In addition to this, survivors need to experience (re)empowerment. Taking charge of their recovery is the first step to re-establishing control over their lives. Herman states “others may offer advice, support, assistance, affection and care, but not cure” (p. 133). Caregivers experiencing VT are often inclined to try to “fix” those they are supporting. Crippling anxiety and depression makes these caregivers desperate to solve others’ problems as a way of alleviating their own distress. This “if you feel better, I feel better” strategy often leaves survivors feeling at best misunderstood, and at worst, re-traumatised by re-experiencing a similar sense of lack of control that they did during their traumatic experience(s). Allowing survivors to re-establish a sense of autonomy in their lives, and independently redevelop the personal competencies they need to achieve this, requires a degree of emotional consistency and restraint that VT hinders in those that suffer from it.

Although we commonly remark that fatigue, frustration and even depression just “come with the job” in helping professions, as seen by the consequences above, classifying VT as an inevitable professional hazard is not wise[vii]. Recognising and understanding VT is one of the best ways to ensure that we both protect ourselves from harm and simultaneously remain open, empathetic and supportive to those survivors who need us.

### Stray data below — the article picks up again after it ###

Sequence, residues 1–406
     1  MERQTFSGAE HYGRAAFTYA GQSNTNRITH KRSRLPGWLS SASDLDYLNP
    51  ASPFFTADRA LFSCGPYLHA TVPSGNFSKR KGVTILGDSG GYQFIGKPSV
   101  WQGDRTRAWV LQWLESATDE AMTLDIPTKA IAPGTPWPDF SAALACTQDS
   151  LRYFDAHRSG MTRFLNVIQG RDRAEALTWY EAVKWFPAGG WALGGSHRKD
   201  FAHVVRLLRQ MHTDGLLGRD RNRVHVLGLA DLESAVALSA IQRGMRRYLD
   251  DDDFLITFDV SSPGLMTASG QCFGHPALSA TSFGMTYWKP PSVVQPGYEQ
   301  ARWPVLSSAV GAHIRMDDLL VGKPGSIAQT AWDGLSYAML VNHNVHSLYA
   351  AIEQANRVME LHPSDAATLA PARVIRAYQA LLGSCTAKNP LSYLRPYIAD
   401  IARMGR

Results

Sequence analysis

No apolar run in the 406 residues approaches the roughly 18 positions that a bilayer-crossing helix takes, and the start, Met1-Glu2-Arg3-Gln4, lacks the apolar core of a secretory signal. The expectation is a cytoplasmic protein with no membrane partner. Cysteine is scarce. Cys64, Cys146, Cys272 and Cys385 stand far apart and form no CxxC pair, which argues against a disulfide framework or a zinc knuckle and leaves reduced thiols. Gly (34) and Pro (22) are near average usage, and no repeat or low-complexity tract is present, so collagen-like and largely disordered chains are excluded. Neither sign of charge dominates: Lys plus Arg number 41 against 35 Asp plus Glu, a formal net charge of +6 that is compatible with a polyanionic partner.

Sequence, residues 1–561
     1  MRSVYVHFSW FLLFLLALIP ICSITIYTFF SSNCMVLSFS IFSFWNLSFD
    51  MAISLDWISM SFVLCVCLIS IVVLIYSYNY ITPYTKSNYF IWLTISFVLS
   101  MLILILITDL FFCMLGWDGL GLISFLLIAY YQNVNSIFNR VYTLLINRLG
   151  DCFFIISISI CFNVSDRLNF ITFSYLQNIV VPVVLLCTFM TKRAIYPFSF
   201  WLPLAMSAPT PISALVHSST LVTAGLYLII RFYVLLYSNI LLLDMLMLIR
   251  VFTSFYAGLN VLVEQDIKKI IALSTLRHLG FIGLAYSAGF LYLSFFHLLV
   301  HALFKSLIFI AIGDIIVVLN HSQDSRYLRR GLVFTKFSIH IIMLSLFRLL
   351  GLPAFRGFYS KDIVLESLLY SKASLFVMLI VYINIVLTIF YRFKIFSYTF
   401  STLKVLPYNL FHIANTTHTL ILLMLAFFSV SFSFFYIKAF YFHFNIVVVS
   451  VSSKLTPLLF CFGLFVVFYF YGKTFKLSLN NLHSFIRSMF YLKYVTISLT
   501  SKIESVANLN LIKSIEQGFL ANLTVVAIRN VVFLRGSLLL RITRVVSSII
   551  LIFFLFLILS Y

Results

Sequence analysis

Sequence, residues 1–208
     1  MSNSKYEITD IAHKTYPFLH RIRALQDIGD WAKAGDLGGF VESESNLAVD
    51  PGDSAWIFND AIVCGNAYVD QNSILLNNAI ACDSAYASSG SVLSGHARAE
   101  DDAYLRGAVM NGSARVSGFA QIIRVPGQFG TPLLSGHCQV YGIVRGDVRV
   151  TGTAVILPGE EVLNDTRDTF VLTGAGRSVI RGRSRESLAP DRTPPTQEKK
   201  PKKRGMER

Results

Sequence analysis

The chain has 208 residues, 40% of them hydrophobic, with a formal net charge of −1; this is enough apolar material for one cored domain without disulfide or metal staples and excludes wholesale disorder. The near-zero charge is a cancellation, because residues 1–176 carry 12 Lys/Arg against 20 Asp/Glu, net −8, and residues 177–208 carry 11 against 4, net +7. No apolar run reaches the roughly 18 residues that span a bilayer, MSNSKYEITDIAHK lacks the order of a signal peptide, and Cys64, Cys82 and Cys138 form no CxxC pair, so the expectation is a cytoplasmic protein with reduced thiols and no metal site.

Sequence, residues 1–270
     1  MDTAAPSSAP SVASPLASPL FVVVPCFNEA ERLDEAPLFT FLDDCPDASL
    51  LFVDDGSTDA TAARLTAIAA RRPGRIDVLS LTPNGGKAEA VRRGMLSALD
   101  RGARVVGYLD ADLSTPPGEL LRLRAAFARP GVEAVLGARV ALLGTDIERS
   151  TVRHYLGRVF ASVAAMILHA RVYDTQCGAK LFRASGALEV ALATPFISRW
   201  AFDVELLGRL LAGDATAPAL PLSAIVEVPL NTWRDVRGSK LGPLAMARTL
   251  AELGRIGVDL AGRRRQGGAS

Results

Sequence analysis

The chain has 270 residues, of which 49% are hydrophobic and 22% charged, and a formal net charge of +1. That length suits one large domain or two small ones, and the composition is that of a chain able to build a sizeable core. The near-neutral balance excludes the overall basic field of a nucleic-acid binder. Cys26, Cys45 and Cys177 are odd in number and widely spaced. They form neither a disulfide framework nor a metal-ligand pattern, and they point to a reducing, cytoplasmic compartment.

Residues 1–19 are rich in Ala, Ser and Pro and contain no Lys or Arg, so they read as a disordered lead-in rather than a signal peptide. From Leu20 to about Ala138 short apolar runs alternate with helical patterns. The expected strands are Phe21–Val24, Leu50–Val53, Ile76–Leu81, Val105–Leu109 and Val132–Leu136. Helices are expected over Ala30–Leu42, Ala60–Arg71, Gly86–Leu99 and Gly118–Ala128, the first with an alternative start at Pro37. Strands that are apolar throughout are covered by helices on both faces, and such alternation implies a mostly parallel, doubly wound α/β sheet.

Simóne Plüg

Simóne is a PhD student in Media Studies at Rhodes University, with a background in critical psychology. Her research interests include gender, identity and consumer culture, trauma and neglect, and transformative pedagogies. She can be contacted at plugsn@gmail.com. 

[i] Schauben, L. J., & Frazier, P. A. (1995). Vicarious trauma. Psychology of Women Quarterly, 19(1), 49.

[ii] Pearlman, L. & Mac Ian, P. (1995). Vicarious Traumatization: An Empirical Study of the Effects of Trauma Work on Trauma Therapists. Professional Psychology: Research and Practice, 26(6) 558-565.

[iii] Lerias, D., & Byrne, M. K. (2003). Vicarious traumatization: symptoms and predictors. Stress and Health: Journal of The International Society For The Investigation Of Stress, 19(3), 129-138. doi:10.1002/smi.969

[iv] Howlett, S. L., & Collins, A. (2014). Vicarious traumatisation: Risk and resilience among crisis support volunteers in a community organisation. South African Journal of Psychology, 44(2), 180-190. https://www.academia.edu/7086308/Vicarious_traumatisation_risk_and_resilience_among_crisis_support_volunteers_in_a_community_organisation

[v] Herman, J. (1992). Trauma and recovery: From domestic violence to political terror. New York: Basic Books. p. 133.

[vi] Trippany, R., White Kress, V. & Wilcoxon, S. (2004). Preventing Vicarious Trauma: What Counselors Should Know When Working With Trauma Survivors. Journal of Counseling and Development, 82, 31-37.

[vii] Figley, C. (2002). Treating Compassion Fatigue. New York: Routledge.

 

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About rapecrisisblog

We have a vision of a South Africa in which rape survivors suffer no secondary trauma, and are supported throughout their interaction with the Criminal Justice System (CJS). Our mission is to promote an end to violence against women, specifically rape, and to assist women to achieve their right to live free from violence. Rape Crisis Cape Town seeks to achieve its mission through counselling and training of women, thereby reducing the trauma experienced by rape survivors, and encouraging reporting of rape and the conviction of rapists.

3 thoughts on “She hurts, I hurt: A few words about Vicarious Traumatisation

  1. Pingback: She hurts, I hurt: A few words about Vicarious Traumatisation — Rape Crisis Cape Town Blog | Women Demand Dignity (WDD)